Twenty years ago, Nirmal Singh’s father drank a bottle of pesticide after he lost most of his land with a huge debt of about two million rupees worth about $ 26 million. Then Mr. Singh’s sister took her own life as the family could not bear the cost of their marriage.

In 2016, Mr. Singh’s son died on his way to a train after his cotton fields were eaten by whitepapers. “He was just 23 years old,” Mr. Singh said, pointing to a framed portrait of his son.

Mr. Singh is stranded because of a $ 20,000 penal debt he had accumulated over the years to run his farm. But farming, he said, is more unprofitable than ever. In the afternoon of June, he would walk gingerly through his wooded fields. “Have you ever heard of a politician or an industrialist committing suicide?” He asked. “It is always a farmer or laborer.”

In his village alone, a suicide occurs almost every month, he said. “We’re not leaving any tears,” he said. “It has stoned our hearts.”

Mr. Singh says that he is spending even more money to run his farm these days as Mr. Modi’s government raised fuel prices amid the epidemic citing the cost of the lockout. “Modi. Promised better days, but they have brought the worst days ever, ”said Mr. Singh, adding that prices of fertilizers and pesticides have also gone up under Mr. Modi.

When farmers in Punjab started sowing rice in the epidemic, they had no means to work in the field. They scrambled to arrange and pay for buses, tractors – whatever they could find – to bring in workers who usually traveled from the northern states of Bihar and Uttar Pradesh every year.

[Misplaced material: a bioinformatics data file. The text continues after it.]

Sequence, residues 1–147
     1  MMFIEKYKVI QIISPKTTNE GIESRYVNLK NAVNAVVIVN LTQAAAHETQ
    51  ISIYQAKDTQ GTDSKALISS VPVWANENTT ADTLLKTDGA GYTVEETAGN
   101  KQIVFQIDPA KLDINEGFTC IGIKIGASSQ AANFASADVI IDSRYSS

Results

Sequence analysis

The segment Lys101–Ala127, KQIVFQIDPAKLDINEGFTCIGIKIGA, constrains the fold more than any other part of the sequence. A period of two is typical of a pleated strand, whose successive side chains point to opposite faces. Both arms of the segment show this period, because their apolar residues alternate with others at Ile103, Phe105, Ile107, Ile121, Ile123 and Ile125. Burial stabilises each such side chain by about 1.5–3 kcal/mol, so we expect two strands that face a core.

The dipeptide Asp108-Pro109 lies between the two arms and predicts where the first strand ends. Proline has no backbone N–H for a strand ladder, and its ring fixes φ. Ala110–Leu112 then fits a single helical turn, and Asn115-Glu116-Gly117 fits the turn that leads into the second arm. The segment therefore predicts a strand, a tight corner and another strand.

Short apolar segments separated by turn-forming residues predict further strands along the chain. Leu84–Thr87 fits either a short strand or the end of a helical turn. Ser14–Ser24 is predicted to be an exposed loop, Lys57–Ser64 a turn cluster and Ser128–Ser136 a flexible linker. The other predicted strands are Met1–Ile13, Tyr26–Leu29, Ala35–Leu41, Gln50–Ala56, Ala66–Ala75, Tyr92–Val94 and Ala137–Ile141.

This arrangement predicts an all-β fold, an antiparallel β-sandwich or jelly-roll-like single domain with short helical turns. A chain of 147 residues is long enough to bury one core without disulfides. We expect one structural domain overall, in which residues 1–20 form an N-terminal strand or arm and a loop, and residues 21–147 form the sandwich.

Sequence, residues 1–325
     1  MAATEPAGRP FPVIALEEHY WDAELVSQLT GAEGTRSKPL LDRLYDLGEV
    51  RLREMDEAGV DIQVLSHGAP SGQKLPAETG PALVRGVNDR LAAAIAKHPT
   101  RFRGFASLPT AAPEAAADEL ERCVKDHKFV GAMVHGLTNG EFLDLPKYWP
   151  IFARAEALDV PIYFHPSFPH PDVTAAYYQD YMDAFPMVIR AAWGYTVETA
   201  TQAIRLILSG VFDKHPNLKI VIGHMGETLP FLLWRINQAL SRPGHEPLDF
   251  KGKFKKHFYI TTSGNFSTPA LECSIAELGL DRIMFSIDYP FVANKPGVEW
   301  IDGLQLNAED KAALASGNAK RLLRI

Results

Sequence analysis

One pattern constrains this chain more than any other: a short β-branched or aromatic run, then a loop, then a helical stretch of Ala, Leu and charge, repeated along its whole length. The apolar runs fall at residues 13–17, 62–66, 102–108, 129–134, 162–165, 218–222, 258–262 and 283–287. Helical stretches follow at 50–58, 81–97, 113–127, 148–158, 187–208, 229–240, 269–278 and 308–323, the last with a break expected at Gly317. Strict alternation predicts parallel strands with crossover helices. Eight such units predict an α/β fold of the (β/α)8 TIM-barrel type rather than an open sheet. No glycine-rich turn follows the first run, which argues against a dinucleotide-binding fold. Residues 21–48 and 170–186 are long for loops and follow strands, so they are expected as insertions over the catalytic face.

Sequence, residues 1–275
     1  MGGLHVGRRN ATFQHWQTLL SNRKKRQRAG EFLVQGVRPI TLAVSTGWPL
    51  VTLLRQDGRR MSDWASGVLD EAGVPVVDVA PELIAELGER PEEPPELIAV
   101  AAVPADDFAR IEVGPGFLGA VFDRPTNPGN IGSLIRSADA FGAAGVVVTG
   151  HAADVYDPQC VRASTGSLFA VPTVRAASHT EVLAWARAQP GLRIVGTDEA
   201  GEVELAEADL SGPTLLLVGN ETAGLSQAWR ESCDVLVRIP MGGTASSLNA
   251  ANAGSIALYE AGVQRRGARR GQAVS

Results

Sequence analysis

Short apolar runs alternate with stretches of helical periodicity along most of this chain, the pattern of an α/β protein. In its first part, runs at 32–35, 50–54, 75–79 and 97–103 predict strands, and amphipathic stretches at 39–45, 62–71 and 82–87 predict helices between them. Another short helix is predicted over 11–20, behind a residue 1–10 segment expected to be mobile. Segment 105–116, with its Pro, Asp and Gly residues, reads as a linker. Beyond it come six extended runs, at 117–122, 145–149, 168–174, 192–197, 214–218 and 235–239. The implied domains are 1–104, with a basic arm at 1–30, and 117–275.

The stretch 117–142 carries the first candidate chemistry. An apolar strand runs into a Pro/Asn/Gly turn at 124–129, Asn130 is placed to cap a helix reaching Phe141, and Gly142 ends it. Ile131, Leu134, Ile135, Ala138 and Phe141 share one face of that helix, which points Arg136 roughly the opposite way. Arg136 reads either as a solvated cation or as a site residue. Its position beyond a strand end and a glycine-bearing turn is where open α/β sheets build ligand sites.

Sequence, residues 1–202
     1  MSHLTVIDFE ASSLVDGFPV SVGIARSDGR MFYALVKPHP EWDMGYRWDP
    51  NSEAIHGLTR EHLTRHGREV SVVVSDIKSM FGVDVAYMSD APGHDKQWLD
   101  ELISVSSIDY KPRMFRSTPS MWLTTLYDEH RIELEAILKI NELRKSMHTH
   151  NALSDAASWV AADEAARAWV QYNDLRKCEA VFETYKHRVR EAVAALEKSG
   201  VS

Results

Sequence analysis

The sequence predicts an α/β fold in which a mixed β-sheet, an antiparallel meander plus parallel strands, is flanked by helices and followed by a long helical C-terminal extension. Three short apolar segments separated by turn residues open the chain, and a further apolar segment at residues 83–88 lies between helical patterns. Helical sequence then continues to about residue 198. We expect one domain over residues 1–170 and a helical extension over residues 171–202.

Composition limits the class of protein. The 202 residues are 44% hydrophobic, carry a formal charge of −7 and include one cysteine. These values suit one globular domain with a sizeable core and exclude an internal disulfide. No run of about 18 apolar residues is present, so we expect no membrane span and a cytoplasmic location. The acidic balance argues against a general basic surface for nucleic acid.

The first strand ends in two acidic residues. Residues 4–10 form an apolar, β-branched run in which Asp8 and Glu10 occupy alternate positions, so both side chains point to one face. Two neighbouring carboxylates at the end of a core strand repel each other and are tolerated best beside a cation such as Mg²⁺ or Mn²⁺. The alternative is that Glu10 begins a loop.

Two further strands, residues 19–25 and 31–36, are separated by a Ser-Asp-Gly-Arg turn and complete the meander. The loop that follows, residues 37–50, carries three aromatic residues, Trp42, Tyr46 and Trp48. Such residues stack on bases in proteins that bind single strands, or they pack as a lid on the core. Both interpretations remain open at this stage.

Desperate and unemployed for nearly three months due to the lockdown, workers sought to double and triple their normal rates.

In the early days of lockdown, the farmers were so constrained that they were able to bring only a small portion of their produce to the market. Unable to sell their crops, they set their fields on fire and threw millions of dollars worth of fruits and vegetables on the streets or mortgaged them back into the fields.

Leela Singh, a farmer from the village of Akanwali, feared that his farm would be confiscated and tried to borrow a few thousand rupees, about $ 100, to help preserve it. Unable to secure the loan, he hanged himself in June, Gurpreet Singh said, his 24-year-old son, who dropped out of school so the family could save on tuition fees. “We are now begging for money from someone or something,” he said.

“He just wanted to save his farm,” he said.

In early June, Mr. Modi’s government exercised its executive powers through sweeping changes aimed at privatizing agriculture. It promised farmers greater freedom to sell their produce outside the large agricultural markets imposed by state governments.

In August, thousands of farmers gathered to protest the new orders, Burning their copies in the street And arguing orders can expose the monopoly of corporate buyers rather than empower them.

On a recent afternoon in the village of Nirmal Singh, dozens of women and children led a procession to mark an ancient ritual: the cremation of a doll made of dry twigs and wrapped in fine silk. It is believed that the funeral forces the gods to reduce rain and suffering on earth.

“Look, what have you done to our daughter,” the women sing in unison, some saddened, beating their breasts and throwing their hands in the air. After the ceremony, it started raining. The ritual worked, Mr. Singh said. Some of his sufferings had gone away.

“Now, we hope that Modi will get the message.”

If you are considering committing suicide, call the US National Suicide Prevention Lifeline at 800-273-8255 (TALK). SpeakingOfSuicide.com/resources For a list of additional resources.